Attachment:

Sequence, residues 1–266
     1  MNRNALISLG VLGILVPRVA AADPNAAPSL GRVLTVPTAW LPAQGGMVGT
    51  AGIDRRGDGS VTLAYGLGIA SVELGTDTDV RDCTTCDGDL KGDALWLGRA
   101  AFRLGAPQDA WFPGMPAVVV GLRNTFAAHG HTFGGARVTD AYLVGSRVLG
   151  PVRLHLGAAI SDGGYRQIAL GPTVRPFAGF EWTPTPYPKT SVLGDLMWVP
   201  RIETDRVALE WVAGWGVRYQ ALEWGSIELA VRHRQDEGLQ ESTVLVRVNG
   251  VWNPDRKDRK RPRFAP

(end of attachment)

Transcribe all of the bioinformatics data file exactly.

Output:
Sequence, residues 1–266
     1  MNRNALISLG VLGILVPRVA AADPNAAPSL GRVLTVPTAW LPAQGGMVGT
    51  AGIDRRGDGS VTLAYGLGIA SVELGTDTDV RDCTTCDGDL KGDALWLGRA
   101  AFRLGAPQDA WFPGMPAVVV GLRNTFAAHG HTFGGARVTD AYLVGSRVLG
   151  PVRLHLGAAI SDGGYRQIAL GPTVRPFAGF EWTPTPYPKT SVLGDLMWVP
   201  RIETDRVALE WVAGWGVRYQ ALEWGSIELA VRHRQDEGLQ ESTVLVRVNG
   251  VWNPDRKDRK RPRFAP